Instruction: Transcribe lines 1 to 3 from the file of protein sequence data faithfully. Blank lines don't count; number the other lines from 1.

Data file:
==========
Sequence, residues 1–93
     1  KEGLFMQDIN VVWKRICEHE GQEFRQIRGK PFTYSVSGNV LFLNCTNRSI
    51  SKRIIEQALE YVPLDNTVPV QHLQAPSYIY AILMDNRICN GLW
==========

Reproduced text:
Sequence, residues 1–93
     1  KEGLFMQDIN VVWKRICEHE GQEFRQIRGK PFTYSVSGNV LFLNCTNRSI
    51  SKRIIEQALE YVPLDNTVPV QHLQAPSYIY AILMDNRICN GLW